>> Thursday, December 22, 2011
Poachers by Tom Franklin
Genre: Fiction, Short Stories
Publisher: Harper Perennial
Publication Date: 1999
Source: Gift from a friend
The Short Version:
Nine short stories and a novella length tale that are as beautiful as they are brutal thanks to the amazing way Tom Franklin has of telling a story.
Why I Read It:
After I read and loved Franklin’s first novel Hell at the Breech, my bookseller friend from Alabama told me I had to read this collection of stories. She even sent me a copy but it took me several years to finally get around to reading it. I should not have waited so long.
The book contains an introduction by Franklin that tells of his own history in the setting of these stories.
My south – the one I haven’t been able to get out of my blood or my imagination, the south where these stories take place – is lower Alabama, lush and green and full of death, the wooded counties between the Alabama and Tombigbee Rivers.
These stories are also lush and full of death. I’ve been posting about the short stories for the past few weeks on my Short Story Monday posts.
Shubuta and Triathlon
Blue Horses and The Ballad of Duane Juarez
A Tiny History and Dinosaurs
Instinct and Alaska
All of these stories are gritty and hard and at times difficult to read but the language and imagery is so beautifully presented and the untold is brilliantly left to you to complete as you read them.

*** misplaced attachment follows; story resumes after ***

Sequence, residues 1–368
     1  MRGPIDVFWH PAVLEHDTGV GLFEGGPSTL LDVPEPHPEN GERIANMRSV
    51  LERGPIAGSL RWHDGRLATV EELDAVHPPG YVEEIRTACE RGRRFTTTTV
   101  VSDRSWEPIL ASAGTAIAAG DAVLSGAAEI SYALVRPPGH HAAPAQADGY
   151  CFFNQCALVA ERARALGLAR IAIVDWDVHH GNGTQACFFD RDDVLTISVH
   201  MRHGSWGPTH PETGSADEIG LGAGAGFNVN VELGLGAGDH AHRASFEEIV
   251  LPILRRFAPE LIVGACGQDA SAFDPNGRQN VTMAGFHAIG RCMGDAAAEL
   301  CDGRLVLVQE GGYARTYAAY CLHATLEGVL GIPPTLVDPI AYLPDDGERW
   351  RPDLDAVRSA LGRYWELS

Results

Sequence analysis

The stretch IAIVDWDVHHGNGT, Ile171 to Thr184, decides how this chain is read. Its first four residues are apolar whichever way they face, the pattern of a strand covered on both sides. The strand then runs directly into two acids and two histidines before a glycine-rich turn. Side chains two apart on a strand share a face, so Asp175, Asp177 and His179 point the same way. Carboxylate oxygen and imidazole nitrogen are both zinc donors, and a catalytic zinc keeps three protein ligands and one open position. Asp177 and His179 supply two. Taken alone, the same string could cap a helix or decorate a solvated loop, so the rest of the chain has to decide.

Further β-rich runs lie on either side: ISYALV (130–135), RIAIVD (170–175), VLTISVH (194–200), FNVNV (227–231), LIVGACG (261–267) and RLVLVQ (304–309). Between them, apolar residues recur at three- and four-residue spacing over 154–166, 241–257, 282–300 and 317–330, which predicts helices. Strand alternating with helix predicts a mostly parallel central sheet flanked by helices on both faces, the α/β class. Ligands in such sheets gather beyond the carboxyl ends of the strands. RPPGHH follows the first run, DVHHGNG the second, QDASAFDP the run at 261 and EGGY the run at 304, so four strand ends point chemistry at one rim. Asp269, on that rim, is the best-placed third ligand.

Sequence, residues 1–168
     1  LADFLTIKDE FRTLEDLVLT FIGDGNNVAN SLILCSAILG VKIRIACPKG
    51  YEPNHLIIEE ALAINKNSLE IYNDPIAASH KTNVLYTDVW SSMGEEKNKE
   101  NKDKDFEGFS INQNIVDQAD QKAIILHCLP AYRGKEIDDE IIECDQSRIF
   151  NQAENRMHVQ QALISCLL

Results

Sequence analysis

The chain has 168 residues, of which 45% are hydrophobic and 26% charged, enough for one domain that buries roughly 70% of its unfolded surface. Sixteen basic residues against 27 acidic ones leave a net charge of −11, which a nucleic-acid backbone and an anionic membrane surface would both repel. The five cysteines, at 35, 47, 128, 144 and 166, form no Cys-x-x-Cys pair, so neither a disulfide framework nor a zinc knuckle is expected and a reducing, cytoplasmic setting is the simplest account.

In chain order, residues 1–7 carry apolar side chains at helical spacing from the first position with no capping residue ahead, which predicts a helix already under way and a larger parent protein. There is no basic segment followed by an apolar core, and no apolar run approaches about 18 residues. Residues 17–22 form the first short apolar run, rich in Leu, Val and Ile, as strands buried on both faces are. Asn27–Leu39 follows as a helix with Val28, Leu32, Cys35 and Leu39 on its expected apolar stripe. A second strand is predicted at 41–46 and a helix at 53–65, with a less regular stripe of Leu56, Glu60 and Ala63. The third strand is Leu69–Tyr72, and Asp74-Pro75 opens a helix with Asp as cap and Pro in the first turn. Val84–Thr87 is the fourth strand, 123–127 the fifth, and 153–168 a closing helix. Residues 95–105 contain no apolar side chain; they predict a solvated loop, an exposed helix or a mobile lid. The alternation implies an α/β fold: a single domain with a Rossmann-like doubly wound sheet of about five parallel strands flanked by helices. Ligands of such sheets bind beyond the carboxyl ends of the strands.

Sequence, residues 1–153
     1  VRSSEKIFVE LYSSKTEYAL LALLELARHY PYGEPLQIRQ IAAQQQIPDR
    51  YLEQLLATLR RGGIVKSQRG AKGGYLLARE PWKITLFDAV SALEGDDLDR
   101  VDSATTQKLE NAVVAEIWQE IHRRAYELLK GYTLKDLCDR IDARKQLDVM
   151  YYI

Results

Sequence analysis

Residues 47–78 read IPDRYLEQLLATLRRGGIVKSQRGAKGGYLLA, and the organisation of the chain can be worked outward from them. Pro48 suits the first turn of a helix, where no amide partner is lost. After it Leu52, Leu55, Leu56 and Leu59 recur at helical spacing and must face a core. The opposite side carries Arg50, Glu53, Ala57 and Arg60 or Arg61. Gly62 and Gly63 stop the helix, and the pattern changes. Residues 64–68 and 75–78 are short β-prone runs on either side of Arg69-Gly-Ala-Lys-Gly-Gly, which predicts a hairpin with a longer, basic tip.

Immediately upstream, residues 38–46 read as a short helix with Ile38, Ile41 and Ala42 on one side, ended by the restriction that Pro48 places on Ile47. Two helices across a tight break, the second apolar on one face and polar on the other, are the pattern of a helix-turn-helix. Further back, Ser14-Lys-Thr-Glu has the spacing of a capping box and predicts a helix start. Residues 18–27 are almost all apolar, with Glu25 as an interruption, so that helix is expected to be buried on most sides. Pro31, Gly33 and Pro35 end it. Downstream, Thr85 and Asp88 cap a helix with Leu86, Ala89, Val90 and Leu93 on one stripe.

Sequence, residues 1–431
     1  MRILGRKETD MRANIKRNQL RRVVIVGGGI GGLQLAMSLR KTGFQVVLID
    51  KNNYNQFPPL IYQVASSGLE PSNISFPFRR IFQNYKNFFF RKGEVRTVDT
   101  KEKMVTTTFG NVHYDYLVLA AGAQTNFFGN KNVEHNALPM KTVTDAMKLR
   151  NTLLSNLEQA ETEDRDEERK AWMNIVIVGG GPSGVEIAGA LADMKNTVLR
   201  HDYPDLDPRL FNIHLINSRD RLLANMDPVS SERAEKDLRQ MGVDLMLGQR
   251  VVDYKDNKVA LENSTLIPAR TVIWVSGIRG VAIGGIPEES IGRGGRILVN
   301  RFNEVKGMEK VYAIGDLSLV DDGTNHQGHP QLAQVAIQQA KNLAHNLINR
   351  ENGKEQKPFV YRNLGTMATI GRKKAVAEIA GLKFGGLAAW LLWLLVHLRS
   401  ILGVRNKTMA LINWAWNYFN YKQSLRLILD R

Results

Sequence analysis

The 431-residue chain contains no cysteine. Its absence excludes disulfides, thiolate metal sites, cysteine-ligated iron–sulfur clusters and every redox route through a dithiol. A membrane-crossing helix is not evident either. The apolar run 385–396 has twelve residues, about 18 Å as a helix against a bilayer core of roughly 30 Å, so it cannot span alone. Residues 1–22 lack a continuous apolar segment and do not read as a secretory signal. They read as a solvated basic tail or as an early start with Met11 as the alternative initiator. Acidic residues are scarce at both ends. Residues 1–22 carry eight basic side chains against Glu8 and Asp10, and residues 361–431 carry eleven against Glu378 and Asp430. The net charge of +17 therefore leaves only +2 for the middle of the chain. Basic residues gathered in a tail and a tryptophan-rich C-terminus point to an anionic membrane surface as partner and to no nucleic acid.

Poachers is the last story and it is more of a novella length tale. It’s the story of the Gates brothers and a legendary Game Warden. The clash between the near feral brothers and the law is harsh. The brothers survive by poaching and the world they inhabit is only remotely connected to society. They have a couple of people who look out for them. Kirxy is an aged storekeeper whose only patrons these days are the Gates brothers. Esther is all alone after two husbands and six children. She lives and drinks alone but has she and the brothers have a way of needing each other. Both Kirxy and Esther themselves live on the edge of society and both have their reasons for keeping an eye out for the Gates brothers.
When things turn bad, it gets real bad in a hurry. A legendary Game Warden is back and after the brothers. The strike of a match can strike fear in the heart.
I love Tom Franklin’s writing. It’s moody and dark but at the same time lyrical and beautiful. The images, smells and feelings become real. In this collection of stories he has perfected the art of only telling just enough. There are pieces that he leaves for you to finish in your head as you read and he excels at this.
Don’t pick this up expecting light and happy feeling stories. These are often brutal and disturbing. Poaching is the theme and a part of every story. There are some characters that appear in multiple stories and their stories more complex. Other stories stand on their own completely.
All of the stories have a deep sense of place. You will inhabit that lush green land of death that Franklin talks about in the introduction. It is inhabited by lost and at times desperate people who will haunt you long after you finish reading.